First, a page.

And the financial aspect aside, he shouldn't. Brewster, and every coach, deserves four full years with a team made up entirely of his own recruits. He is then coaching on his own merits and not riding the work of someone else. After the debacle at Washington, I'm not saying Ty Willingam has was the right choice long term at Notre Dame, but he deserved a fourth year there. Instead, he was canned after only three years, and then Charlie Weis came in and went to a BCS bowl with a team comprised almost entirely of Ty's kids. Like Ty, The Zooker Ron Zook is proving he's not cut out to be a big-time college coach either, but like Ty, he was fired after only three seasons at Florida, only to watch another coach come in and win with his kids.

Since that time, that "other coach" Urban Meyer has proven in The Swamp that he can win with his, or anyone's, recruits. Ol' Charlie Weis? Yeah not so much. The Irish are a good example of both why you don't fire a coach- or give him an coach an extension- too soon. Eight games- I repeat EIGHT GAMES- into his first season at Notre Dame (with Ty's kids!!!) Notre Dame gave Charlie Weis a 10 year extension. It looks absolutely insane now, and at the time, only less slightly. Eight games into his first season Weis had the Irish on track for their first big-time bowl game since Bob Davie was coach in 2001, and there were "rumors" speading that Weis could flee South Bend for the NFL if he wasn't taken care of. Panicking on the cusp of their first successful season in five whole years, the good folks running Notre Dame gave Charlie a 10 year extension. The Irish indeed went to the Fiesta Bowl that year, where they were thumped by AJ Hawk's hair and Ohio State. The next season they went to the Sugar Bowl and were thumped by LSU. Last year, they played in the prestigious Hawaii Bowl where they were able to defeat Hawaii- it might be the signature win for the Weis Era.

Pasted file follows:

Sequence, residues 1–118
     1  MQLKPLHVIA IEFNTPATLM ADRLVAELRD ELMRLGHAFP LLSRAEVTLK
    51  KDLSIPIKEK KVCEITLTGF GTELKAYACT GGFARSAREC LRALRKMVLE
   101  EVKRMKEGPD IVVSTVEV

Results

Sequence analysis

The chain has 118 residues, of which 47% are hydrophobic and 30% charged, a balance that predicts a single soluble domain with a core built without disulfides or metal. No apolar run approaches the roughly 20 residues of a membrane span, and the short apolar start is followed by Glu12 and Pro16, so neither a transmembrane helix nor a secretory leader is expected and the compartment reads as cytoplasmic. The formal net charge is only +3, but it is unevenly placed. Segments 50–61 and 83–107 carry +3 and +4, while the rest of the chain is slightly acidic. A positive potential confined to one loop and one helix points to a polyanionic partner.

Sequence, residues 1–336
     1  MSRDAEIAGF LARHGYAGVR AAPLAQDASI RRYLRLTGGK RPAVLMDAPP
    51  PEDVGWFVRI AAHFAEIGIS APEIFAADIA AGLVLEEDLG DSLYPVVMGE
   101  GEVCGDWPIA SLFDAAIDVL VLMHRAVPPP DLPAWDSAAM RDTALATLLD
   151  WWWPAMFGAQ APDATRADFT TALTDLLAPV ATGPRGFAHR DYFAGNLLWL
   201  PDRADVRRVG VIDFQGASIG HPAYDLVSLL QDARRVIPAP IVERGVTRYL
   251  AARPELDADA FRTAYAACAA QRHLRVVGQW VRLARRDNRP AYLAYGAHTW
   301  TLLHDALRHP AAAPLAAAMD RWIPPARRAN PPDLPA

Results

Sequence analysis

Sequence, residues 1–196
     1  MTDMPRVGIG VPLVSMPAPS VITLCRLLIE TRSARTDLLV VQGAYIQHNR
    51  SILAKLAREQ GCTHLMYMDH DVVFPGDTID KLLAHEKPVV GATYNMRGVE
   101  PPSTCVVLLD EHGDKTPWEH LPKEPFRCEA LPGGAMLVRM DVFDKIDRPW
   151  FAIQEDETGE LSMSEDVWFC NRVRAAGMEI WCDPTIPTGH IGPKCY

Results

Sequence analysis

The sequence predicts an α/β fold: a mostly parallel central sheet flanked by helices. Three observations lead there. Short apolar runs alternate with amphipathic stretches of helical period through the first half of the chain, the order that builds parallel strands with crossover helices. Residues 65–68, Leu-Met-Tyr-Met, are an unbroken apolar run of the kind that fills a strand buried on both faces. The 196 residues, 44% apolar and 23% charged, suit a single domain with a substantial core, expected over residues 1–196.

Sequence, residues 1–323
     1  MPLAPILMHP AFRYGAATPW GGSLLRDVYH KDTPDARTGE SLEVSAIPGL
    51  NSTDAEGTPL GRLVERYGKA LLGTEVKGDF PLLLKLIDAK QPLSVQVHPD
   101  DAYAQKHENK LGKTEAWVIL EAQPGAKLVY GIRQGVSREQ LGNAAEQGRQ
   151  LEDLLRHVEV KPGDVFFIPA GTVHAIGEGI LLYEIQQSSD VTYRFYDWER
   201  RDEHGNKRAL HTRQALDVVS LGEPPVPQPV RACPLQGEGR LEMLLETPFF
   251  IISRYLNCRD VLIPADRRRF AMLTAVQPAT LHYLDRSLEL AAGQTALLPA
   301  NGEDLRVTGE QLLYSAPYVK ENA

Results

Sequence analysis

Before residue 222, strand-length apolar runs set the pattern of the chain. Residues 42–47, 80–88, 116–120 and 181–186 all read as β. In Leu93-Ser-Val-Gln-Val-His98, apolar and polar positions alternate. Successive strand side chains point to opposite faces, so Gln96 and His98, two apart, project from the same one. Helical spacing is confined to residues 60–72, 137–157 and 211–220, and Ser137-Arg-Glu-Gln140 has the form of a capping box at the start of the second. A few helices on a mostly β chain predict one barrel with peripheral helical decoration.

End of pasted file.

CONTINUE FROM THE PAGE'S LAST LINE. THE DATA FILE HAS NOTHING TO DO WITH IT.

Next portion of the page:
The lesson here is not to fire coaches' or lock them up too early, and before you say "why would ANYONE even think of locking up Tim Brewster after this season?!?!" well, consider that in the same PP article Gophers broadcaster and all-time leading rusher Darrell Thompson believes that if the Minnesota wins 7 games and don't lose 55-0 to Iowa, Brewster should get an extension. No really, he says that. Another former Gopher believes Brewster shouldn't even have to wait until the end of the season for his extension.

"They should almost do something now," former Gophers player Gary Hohman said. "He's going into recruiting season, and people want to know who they're going to play for. It's the nature of the business. You have to have some kind of security for the kids coming in."

With all due respect to Thompson and Hohman- are you F*%&^ING KIDDING ME?!?